Are Autonomous Vehicles the Future?

Autonomous Vehicles are those that can run on roads as well as off-road terrains without receiving any inputs from the driver. These cars have sensors that can feed them data about their surroundings and help them navigate their way to the set destination without hitting any bumps along the way.


A brief history of autonomous vehicles

Man first started getting serious about driverless cars over a century ago or in the 1920s, to be exact. By the 1950s, mankind had the trials needed to test driverless cars and in 1977, the first-ever semi-automatic car was developed at the Tsubuka Mechanical Engineering Laboratory, Japan. By the 80s, these cars could drive themselves on long-distance drives and even go off-road and avoid obstacles.


In 1999, the US donated $650 million for research purposes on the National Highway Automated System and soon, all the rest of the countries started funding such projects. Similarly, in 2016, an innovation strategy development for Automated driving was funded by the European Commission. These events were followed by Waymo LLC testing Autonomous Vehicles in America without the driver but with a passenger. 


To be able to test the vehicles without a driver indicated that the hard work of the developers was paying off and they started to trust autonomous vehicles more.


Advantages of Autonomous Vehicles

At present, although there are no fully developed and ready-to-drive autonomous vehicles on sale, AVs are what everybody is talking about. The circumstances may change soon and AVs may take over the market at any time.


AVs come with many advantages, the first being the different levels of operation that AVs can operate on. According to the needs of every customer, these cars are at level 1 of autonomy which means that they will exert occasional breaks or speed or can fully operate on their own which is designated as level 5 AVs.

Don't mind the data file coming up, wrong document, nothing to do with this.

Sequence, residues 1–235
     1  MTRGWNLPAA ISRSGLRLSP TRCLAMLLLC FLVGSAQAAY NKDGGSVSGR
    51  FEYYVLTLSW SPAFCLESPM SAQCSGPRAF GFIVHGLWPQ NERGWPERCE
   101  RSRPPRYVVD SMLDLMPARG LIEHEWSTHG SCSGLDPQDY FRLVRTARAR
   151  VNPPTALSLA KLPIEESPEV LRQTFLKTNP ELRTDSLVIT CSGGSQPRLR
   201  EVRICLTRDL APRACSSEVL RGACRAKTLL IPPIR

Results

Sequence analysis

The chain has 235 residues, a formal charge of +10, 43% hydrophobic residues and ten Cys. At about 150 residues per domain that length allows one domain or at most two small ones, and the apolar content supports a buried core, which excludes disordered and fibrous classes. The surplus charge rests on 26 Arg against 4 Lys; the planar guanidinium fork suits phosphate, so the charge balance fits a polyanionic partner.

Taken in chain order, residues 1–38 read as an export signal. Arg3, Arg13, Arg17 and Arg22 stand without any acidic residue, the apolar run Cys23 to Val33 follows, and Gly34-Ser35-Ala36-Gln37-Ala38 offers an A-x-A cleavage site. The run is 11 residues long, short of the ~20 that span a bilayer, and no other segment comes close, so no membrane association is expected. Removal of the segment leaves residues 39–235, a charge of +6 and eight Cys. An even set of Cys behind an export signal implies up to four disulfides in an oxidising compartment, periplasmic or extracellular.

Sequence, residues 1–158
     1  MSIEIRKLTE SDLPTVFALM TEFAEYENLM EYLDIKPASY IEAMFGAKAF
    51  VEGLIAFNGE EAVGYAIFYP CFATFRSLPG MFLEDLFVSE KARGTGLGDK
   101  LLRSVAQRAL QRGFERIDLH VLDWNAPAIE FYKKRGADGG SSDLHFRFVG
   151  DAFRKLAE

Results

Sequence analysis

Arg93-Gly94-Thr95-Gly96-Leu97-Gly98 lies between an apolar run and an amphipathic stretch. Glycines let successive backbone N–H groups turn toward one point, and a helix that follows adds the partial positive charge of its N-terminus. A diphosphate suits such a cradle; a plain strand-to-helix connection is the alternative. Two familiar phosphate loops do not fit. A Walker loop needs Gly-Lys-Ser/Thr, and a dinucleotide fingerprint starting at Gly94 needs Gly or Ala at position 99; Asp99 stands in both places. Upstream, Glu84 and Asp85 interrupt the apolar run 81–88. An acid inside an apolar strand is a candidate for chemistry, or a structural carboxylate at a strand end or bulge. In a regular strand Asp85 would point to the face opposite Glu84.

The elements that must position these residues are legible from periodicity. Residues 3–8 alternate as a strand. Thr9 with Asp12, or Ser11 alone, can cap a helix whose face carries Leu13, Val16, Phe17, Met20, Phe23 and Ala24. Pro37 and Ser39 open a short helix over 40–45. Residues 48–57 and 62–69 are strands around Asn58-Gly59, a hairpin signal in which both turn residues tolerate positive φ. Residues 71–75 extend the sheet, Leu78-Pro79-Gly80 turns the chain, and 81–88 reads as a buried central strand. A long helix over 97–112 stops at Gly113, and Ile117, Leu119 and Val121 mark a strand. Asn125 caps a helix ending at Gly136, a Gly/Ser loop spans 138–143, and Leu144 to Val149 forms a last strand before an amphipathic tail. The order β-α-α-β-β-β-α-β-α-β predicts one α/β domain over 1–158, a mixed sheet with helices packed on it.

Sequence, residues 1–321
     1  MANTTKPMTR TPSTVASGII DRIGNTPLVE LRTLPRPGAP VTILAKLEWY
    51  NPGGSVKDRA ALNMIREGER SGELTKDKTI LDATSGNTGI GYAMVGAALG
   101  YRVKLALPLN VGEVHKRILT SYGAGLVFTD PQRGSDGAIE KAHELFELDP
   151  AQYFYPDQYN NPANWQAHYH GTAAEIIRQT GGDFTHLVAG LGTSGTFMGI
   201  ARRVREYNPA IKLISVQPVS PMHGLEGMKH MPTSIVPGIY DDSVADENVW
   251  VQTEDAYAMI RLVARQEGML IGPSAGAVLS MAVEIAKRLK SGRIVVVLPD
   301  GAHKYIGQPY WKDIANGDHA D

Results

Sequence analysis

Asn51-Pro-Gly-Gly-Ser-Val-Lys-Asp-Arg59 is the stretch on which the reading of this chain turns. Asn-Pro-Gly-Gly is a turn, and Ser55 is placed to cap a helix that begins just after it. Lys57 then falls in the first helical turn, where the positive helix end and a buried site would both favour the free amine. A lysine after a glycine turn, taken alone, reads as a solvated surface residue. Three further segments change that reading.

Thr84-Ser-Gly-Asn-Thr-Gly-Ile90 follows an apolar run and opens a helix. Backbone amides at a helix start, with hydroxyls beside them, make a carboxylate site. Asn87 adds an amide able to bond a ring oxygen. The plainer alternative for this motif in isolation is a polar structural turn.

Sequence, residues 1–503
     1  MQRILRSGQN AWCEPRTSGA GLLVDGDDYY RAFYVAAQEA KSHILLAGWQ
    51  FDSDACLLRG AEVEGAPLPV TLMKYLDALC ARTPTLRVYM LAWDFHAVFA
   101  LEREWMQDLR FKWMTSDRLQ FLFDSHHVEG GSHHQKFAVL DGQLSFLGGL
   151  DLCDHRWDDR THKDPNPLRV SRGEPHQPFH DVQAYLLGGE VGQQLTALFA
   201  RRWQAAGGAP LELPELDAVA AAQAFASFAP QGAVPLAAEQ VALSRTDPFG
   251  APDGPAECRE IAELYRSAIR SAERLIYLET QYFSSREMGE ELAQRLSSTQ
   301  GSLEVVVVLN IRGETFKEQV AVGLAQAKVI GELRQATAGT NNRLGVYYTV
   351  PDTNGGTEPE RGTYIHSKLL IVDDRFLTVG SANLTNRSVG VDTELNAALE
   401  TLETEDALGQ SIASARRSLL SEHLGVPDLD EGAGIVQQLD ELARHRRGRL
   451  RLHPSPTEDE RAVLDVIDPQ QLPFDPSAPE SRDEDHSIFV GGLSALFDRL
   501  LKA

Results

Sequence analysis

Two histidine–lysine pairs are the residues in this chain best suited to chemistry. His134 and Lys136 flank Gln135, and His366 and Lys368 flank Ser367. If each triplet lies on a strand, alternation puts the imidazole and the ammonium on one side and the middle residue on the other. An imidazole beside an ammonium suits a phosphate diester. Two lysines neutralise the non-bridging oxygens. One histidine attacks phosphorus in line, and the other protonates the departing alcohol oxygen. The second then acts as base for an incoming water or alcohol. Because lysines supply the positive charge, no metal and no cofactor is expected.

With a level 1 AV, you can sit back and enjoy the ride with occasional inputs. This level of cars can be useful in congested areas because AVs have sensors that can easily assess the distance between the surrounding cars and how they are driving in real time.


Studies also suggest that Autonomous vehicles consume 20% less fuel than traditional vehicles and they can help in achieving Net Zero status faster.


Shortcomings of Autonomous Vehicles

While they come with a lot of advantages, AVs also have a few shortcomings that may prove to be critical and hinder the further process of development. To be really Autonomous, these vehicles need to be fully computerized and equipped with other technologies such as AI. Such advanced technologies require a lot of power which may not be possible with battery-powered drivetrains yet.


Another area where AVs lack is the absence of a human driver. Entirely driverless cars are not yet being entertained by society because of the technical faults, combustion, and lack of human instinct. Unleashing level 5 cars on the roads might result in road accidents or worse. 


Use of AVs in Agriculture

The worldwide food crisis has made scientists and engineers look for ways to enhance the production and quality of crops and agricultural products. According to many scientists, 2050 is the year when the world will run out of food. 


To meet the current demand for food, the output of the agricultural sector needs to be increased tenfold and advanced technologies like AI and Autonomy can surely help. Autonomous Tractors utilizing AI can be used to manufacture vehicles that can harvest entire fields on their own.


So, is the future autonomous?

The way that the automotive industry has progressed in the last century is quite remarkable. With the amount of work and technology that is being used to make automotive autonomy possible, one can safely assume that in a decade or so, we will at least see autonomous vehicles running on roads if not more.

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